Languages that have a high cost to learn are often disregarded, because there is no way to prove it is better. All proof is effectively: I learned it, and it seemed better to me that what I was using before.

                                              This is why I think it’s my duty to learn a number of tools, then I’ll my own personal experience and judgement to apply to my own analysis.

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                                                As an industry we take for granted that whatever we use is more productive than assemby, but other than that we are all fumbling around in the dark. There’s no proof that this is more productive than that, only anecdotia.

                                                Additionally, depends what you measure. Things the are wonderful for the productivity of individuals (rich DSLs, macros galore, terse syntax) are often horrible for the productivity of teams with turnover and hundreds or thousands of developers. It all depends what you are trying to optimize around.

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                                                  I cannot agree more.

                                                  Things like operator overloading or macros are very tempting when I write code, because they strengthen the feeling that I have written smart, dense, beautiful code. But they are too often an obstacle when I read code, especially a new code base written by others.

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                                                  Languages that have a high cost to learn are often disregarded, because there is no way to prove it is better. All proof is effectively: I learned it, and it seemed better to me that what I was using before.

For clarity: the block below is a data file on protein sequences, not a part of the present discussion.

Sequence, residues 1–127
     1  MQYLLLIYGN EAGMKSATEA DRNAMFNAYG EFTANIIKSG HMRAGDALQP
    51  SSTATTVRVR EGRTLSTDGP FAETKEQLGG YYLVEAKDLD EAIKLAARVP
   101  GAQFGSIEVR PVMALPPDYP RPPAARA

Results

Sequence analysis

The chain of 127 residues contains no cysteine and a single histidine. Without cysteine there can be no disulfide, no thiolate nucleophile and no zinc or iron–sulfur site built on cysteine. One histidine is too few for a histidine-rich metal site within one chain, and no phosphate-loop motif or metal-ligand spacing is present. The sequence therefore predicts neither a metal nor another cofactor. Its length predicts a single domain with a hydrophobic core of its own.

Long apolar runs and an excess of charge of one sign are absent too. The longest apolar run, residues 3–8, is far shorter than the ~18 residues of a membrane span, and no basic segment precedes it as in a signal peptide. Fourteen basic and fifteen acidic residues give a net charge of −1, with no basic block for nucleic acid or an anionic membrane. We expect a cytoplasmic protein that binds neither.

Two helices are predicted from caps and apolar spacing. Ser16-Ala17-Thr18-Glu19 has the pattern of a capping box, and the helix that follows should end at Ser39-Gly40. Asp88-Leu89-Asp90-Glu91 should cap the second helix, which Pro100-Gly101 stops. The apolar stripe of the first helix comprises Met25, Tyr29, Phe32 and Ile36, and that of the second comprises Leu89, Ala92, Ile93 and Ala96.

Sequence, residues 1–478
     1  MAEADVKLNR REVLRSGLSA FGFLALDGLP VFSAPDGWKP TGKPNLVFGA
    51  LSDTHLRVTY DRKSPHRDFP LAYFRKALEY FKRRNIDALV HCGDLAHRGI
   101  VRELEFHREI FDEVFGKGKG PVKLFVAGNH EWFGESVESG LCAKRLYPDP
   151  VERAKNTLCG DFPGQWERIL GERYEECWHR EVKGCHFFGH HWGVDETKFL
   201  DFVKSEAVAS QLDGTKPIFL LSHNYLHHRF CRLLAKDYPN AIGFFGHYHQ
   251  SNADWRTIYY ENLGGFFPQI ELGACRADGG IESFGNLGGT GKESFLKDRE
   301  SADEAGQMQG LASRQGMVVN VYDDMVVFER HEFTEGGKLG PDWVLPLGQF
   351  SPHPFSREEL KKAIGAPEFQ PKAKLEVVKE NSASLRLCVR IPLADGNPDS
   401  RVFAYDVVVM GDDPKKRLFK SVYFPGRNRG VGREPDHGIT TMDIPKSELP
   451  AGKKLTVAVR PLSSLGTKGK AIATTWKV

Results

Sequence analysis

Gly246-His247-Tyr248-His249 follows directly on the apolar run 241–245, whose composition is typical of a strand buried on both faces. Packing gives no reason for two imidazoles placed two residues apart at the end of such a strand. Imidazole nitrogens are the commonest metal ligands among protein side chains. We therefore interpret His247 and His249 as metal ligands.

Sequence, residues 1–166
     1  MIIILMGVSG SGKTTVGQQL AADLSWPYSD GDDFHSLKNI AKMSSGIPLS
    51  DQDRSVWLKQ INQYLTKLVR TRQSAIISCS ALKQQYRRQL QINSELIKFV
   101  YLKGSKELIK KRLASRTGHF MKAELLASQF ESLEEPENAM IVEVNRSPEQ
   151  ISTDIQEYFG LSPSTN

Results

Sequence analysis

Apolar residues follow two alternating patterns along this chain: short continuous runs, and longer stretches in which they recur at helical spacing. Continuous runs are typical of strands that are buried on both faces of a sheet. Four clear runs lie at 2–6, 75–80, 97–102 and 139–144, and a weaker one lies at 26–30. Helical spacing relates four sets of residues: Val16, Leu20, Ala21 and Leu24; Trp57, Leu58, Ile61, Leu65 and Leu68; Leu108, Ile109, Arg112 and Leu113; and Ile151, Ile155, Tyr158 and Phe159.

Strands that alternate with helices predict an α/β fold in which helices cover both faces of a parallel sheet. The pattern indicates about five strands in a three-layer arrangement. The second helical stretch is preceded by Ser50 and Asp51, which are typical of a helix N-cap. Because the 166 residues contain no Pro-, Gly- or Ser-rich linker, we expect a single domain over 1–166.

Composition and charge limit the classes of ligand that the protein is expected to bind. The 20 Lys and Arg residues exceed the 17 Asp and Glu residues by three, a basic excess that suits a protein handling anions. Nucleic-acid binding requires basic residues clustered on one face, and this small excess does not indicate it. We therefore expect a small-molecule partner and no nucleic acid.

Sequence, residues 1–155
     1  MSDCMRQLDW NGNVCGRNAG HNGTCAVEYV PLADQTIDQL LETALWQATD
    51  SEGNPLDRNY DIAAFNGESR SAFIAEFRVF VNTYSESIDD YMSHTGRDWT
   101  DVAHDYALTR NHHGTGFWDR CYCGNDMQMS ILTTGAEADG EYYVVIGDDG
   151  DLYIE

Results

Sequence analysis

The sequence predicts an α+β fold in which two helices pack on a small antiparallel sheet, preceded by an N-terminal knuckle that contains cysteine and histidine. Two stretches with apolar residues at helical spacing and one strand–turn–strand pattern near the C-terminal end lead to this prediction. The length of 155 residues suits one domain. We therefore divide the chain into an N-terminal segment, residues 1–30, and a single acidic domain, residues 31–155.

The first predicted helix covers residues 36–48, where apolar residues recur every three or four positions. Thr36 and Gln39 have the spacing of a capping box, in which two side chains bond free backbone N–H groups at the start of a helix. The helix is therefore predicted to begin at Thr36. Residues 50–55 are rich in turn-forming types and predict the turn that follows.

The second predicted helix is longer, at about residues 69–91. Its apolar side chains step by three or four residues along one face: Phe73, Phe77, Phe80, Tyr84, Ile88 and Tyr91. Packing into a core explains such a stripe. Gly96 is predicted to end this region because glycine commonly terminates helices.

We could replace Haskell with vim in this discussion :-) “Big learning curve, but it’s worth it!” Some agree, some disagree. Alas, it’s difficult to prove, so all we have is trying it for ourselves, or collecting and aggregating the opinions of our peers.

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                                                    Yeah, but choosing the wrong editor is an annoyance. Choosing the wrong language for your startup could literally kill your business when you can’t hire and grow.

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                                                      I agree, of course. This specific comment I posted was not meant to be really serious :)

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                                                Others have said much the same, but if new languages shouldn’t aim for the 50th percentile, which percentile should they aim for? Honest question: of what use is the genuine advancement of a language designed for 90th percentile programmers?

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                                                  Honest question: of what use is the genuine advancement of a language designed for 90th percentile programmers?